Exclusive first look: Infinite Monkey Theorem Winery and Wine Lab
And in the coming years, Parsons intends to produce, bottle and sell a lot of grape juice. His new facility, he says, will allow him to increase production to 25,000 cases a year of his bottled wines, a significant increase from the 8,000 cases he was able to produce at the former hut, and while he says that he'd "like to maximize sales in Colorado, he also has brokers in California and Arizona, and his wines in the can, which have proven to be incredibly popular, are generating interest in countries as far away as China. He reveals, too, that he's targeting airlines, music venues and sports arenas for can distribution. "We definitely want to increase distribution of our canned wines. That's were I see our real growth," he adds.
But there's no shortage of interest in his bottled wines, one of which, the Hundredth Monkey 2010, a blend of Petit Verdot, Petite Sirah, Malbec and Cabernet Franc, just received a score of 89 in this month's Wine Spectator, which describes it as "juicy and forward, showing range and depth, with a mix of dark bramble, loganberry, raspberry and spiced plum notes. Flashes of charcoal and anise show on the finish, which stays polished overall." It's the first -- and only -- Colorado wine to generate that score. Four other IMT wines were also given shout-outs, ranging in score from 85 to 88. "They review hundreds of thousands of wines, and something like only five percent actually get reviewed in the magazine, so it's a big deal and pretty damn cool," says Parsons.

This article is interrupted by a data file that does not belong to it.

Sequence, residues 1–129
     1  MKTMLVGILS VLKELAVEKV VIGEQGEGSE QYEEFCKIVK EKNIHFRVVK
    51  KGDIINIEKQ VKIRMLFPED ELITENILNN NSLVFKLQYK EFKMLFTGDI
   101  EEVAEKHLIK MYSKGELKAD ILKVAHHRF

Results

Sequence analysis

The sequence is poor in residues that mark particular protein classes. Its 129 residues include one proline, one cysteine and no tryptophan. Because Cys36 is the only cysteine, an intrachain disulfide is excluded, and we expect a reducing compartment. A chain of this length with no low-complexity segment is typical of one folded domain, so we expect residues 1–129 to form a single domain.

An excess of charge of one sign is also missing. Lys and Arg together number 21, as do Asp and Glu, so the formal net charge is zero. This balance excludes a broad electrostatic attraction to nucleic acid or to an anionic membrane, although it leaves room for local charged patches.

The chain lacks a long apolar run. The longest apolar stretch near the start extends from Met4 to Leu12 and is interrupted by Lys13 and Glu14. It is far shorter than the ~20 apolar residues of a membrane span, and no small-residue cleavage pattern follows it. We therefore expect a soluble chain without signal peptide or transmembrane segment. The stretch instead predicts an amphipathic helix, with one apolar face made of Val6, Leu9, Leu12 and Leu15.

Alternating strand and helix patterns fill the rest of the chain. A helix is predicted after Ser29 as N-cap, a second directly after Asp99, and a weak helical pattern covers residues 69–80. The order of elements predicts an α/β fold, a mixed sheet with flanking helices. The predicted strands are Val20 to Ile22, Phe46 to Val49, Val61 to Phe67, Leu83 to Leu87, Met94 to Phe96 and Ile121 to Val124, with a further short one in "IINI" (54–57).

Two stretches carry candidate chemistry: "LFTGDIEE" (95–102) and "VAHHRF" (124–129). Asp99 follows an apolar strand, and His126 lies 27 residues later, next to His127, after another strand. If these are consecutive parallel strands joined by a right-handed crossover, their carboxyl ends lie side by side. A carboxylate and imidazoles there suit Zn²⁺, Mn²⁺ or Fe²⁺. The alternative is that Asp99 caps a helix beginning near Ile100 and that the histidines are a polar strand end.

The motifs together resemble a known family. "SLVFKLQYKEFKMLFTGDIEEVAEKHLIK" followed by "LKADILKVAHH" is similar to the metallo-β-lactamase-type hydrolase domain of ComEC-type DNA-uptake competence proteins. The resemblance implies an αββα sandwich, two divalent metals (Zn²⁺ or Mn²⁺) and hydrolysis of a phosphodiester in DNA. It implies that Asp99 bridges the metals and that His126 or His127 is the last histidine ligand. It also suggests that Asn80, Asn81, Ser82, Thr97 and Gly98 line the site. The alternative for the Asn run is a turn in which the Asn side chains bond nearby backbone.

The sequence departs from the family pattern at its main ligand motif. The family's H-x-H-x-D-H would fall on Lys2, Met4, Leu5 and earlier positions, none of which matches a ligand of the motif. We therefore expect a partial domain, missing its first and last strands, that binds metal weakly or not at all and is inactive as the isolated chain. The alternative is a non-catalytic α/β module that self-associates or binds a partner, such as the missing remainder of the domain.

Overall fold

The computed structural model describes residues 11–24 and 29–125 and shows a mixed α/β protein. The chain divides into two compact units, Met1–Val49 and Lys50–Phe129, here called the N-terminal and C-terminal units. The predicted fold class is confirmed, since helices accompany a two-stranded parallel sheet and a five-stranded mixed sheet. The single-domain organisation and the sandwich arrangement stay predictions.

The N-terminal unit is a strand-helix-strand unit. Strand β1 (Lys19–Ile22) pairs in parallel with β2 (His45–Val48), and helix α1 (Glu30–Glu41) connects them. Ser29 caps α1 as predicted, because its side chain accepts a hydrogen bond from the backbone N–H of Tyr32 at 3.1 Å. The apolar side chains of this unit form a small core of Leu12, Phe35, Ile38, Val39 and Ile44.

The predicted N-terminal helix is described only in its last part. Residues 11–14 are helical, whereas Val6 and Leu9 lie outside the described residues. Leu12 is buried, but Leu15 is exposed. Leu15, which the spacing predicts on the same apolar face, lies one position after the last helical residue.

And all of those wines are available for purchase in the wine lab, which is open Tuesday through Thursday, from 4 to 8 p.m. and on Friday and Saturday, from 4 to 10 p.m., and while there's no kitchen in the wine lab, Parsons and his crew have partnered with Caveman Cafeteria, a food truck that focuses on dishes that are part of the Paleo diet, to dole out sustenance on certain nights. And on First Fridays, Kelly Whitaker, owner and exec chef of Pizzeria Basta, in Boulder, will toss pizzas.
Parsons also has a large outdoor garden plot, which will grow vegetables for Old Major, Justin Brunson's forthcoming restaurant in Highland. In addition, he's leasing a small part of his facility to Tender Belly, the Denver-based pork company owned by brothers Shannon and Erik Duffy, whose humanely raised, cage-free hogs, free of hormones, are procured from an Iowa farm. And there's talk, says Parsons, of adding another refrigerated vending machine in the tasting room that dispenses packages of the brother's thick-cut bacon.
For now, however, the tasting room is all about wine and community, and you can see what Parsons and his staff have accomplished in the photo gallery on the following pages.